Thursday, 15 November 2018

St Phillip

13th November was a Tuesday this year, a most inauspicious day for greeks, the equivalent of Friday the 13th in the western world.
It was Tuesday 13th April 1204 that Constantinople (Istanbul) fell to the Turkish empire.
The end of civilisation said some back then.

14th November the fiesta day of St Phillip 

Ayios Filippos.  Name day of all Filipps and the female Filippia. Filipp with a double 'p' as opposed to the double 'l' of Phillip. 

St Filipp's feast day comes in the middle of the 40 day fast before Christmas.  During this fast you can eat fish, until 17th December, but not on Wednesdays or Fridays.

On the day of  St Phillip (Filipp) you can also eat meat.  There is a fable about starving peasants and two oxen.  St Phillip slaughtered one and fed the starving masses even though it was the middle of an important fast.   When he went back to the stable he found the ox alive and well.

A Miracle!     

I went to visit women of the extended family across the straits on Galatas on the 14th.  One household were preparing to eat roast chicken while on the other side of the yard the maiden aunts were cooking homemade macaroni with lots of fresh browned sheeps butter and grated cheese.  

I had to sample the dinner on both sides.  They were so insistent that at one stage I was being chased from one house to the other by an elderly aunt with a loaded fork.   Their hospitality is incredible.

From the beginning of November till the end of January there is one name day after another, Christmas and New Years in the middle and in our family more Scorpian, Sagittarrean and Capricorn birthdays than you can shake a stick at.

The government is 'talking' about returning some of the money 'stolen' from pensions of the armed forces and police in 2012.  We'll need it to get through all these festivities, plus having the 'necessary' to pay all the end of year taxes. We won't be celebrating till we see numbers in the bank and manage to withdraw it before it is withdrawn for us.  We have elections next year, so , you never know what little tidbits may be thrown our way as enticement to vote.

We've already had a dozen fiestas this month including
Archangels Michael and Gabriel
Local saint Ayios Nektarios

Coming up are 
Plato (the martyr, not the philosopher)

19th is International Men's Day.  First time I've heard of it.  Men celebrate everyday!
Ha. it is the same day as International  Public Toilet Day

21st is the Celebration of the Greek Armed Forces
 - a day of 'socialising' for retired officers 
Name day of any unwed (virgin?) 'Marias'

25th is Katerina
30th Andreas (St Andrew)

and those are just the most well known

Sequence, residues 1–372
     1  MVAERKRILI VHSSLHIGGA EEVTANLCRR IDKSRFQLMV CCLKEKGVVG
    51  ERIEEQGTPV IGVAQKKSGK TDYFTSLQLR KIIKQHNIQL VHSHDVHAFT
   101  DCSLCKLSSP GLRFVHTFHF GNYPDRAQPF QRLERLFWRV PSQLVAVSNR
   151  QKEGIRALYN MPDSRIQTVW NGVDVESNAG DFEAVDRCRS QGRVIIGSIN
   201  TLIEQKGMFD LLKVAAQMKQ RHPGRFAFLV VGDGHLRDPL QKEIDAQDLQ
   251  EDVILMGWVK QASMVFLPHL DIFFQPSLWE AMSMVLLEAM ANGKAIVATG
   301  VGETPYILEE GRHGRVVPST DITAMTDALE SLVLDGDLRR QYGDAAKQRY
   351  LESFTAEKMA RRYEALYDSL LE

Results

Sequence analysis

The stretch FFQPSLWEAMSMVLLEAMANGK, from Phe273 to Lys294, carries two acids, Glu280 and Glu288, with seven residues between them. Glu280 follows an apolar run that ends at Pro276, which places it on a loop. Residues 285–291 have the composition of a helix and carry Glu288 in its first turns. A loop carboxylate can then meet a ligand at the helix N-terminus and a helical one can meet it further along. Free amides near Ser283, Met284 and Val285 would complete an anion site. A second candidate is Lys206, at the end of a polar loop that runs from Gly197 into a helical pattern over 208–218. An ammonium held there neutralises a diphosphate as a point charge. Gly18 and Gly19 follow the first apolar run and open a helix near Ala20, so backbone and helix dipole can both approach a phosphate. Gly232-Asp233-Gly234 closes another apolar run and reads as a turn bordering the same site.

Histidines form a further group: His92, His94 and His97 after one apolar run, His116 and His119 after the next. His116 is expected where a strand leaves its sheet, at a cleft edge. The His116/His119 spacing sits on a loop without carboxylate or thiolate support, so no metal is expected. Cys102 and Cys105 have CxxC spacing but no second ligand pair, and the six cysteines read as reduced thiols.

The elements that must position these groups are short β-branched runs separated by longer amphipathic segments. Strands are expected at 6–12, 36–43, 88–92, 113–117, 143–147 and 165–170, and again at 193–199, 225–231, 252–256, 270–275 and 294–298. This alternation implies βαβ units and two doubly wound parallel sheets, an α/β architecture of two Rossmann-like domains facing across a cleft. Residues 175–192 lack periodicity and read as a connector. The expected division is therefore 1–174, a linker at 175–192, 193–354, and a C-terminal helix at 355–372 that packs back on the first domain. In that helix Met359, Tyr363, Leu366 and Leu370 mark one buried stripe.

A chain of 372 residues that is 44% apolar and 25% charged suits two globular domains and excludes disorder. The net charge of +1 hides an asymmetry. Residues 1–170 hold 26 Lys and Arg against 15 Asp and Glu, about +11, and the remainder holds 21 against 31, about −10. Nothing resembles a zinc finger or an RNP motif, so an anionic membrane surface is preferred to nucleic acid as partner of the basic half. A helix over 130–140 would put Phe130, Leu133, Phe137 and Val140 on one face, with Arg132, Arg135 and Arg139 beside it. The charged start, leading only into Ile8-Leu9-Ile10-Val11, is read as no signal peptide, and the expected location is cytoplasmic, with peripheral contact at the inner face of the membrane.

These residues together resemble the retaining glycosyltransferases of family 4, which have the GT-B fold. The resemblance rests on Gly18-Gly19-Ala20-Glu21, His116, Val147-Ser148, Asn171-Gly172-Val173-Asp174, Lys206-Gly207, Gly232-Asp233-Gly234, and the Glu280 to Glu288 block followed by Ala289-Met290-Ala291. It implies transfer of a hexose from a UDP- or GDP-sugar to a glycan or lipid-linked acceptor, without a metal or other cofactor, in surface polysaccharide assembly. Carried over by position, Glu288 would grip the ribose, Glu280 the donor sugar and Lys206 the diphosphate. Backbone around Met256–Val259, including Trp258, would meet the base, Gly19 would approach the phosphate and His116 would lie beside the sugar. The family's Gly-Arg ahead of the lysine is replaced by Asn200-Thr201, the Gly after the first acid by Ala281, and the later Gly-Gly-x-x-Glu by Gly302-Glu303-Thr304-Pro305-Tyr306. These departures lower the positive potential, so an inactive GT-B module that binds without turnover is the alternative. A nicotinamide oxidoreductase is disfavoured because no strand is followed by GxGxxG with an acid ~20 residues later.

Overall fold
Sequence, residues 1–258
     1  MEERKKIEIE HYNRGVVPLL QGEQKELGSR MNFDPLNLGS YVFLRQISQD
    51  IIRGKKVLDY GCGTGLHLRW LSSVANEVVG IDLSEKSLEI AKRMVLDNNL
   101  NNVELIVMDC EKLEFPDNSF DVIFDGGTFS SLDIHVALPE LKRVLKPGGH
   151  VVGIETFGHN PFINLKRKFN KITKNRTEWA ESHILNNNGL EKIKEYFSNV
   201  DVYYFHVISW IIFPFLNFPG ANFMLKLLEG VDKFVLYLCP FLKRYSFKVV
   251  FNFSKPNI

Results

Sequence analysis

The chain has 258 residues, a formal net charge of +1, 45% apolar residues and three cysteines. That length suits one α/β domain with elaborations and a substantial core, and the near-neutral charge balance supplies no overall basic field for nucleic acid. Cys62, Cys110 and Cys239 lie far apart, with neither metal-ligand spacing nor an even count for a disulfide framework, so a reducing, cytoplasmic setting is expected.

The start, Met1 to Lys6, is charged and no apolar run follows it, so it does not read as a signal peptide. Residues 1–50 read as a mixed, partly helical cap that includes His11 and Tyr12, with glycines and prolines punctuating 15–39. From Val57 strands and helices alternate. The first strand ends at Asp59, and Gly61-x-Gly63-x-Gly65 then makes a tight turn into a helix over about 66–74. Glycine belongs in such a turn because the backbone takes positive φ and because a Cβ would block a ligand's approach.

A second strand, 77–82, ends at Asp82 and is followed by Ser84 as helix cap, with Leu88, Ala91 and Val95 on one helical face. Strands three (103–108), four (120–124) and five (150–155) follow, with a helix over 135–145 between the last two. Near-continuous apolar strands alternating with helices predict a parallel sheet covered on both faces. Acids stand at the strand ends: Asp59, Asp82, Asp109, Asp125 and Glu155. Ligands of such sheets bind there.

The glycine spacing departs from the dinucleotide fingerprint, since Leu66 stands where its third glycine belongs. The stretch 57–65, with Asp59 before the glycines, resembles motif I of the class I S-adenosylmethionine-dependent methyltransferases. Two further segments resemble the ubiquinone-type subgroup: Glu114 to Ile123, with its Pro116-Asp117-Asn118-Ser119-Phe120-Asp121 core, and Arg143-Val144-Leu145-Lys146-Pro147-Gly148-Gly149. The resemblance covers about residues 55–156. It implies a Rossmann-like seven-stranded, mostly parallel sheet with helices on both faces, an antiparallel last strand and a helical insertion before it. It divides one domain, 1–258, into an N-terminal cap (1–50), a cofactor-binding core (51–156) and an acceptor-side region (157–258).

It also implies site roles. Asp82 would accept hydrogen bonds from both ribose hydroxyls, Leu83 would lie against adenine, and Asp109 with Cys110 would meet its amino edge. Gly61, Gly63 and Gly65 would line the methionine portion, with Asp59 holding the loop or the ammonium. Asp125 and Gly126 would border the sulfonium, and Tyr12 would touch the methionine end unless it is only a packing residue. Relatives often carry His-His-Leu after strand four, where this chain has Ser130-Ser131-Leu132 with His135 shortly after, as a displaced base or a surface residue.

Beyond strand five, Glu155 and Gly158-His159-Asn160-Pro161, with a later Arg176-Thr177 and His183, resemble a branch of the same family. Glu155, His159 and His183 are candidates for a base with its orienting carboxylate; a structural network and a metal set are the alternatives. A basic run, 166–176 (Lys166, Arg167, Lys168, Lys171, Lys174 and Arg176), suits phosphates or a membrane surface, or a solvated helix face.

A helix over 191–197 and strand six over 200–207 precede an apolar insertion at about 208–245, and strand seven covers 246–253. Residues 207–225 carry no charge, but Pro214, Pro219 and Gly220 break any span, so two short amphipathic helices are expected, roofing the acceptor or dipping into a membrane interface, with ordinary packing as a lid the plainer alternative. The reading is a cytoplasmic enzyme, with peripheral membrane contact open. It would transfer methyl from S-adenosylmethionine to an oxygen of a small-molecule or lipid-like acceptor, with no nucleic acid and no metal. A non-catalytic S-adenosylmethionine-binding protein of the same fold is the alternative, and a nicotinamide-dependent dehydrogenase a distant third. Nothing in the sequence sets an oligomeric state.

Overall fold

'Kronia Polla' to all those feasting and rejoicing

Many happy returns
Long life to you all


  1. What a scary day... The 13th of April 1204!!!!!!! And "they" are trying, again!!!!

    With all these feast days, Greeks do know how to have fun.

    But a pre-Christmas fast?!? Gracious, that's no fun. -grin-

    Family knows how to "do" hospitality too! Maiden aunts, chasing you, to come over. -gigggles-


    1. Fasting is a big part of greek culture. 40 days before easter, 40 days before xmas, 15 days before 15th august, every wednesday and friday plus a whole of other times which I can't remeber......but my sis in law knows and follows them all to the rule!

  2. On an entirely different subject, I recently saw a Greek woman (on TV) opening and closing her hand over a casserole of some sort. Was this some superstitious manoeuvre?

    1. It sounds as though she was making a cross over the dish but in a different way. I've seen them sort of open and close their palms . I'm not sure exactly how but I'm sure that's what she was doing. Must ask my sis in law the exact directions

  3. Do you have a special calendar to keep track of all these fiestas, feasts, and fasts - or are they totally ingrained after all these years? I like the fable about St Phillip. Best of all, I love the image of you being chased by an elderly lady with a fork - the only question is, was she chasing you out, or herding you in?

    1. We know most of them off by heart - even me! So many of them but a lot are huge occasions and of course you know the name days of all your friends and relatives and thus the fiesta of the saint they are named after.
      Those aunts are damned insistent. They have brought up a dozen or more neices and nephews, force feeding them and keeping them out of danger. They are terrific cooks so I should be happy I am now on their 'care' list.

  4. It makes quite exhausting reading. We are not nearly so full of celebrations here although I suppose behind closed doors food covers the table and people come and fun is had and talking. To say otherwise would make me think we are awfully dull. We just celebrate in a bit of a different way.

  5. wow there's alot going on there. My birthday isn't until March so still have a way to go.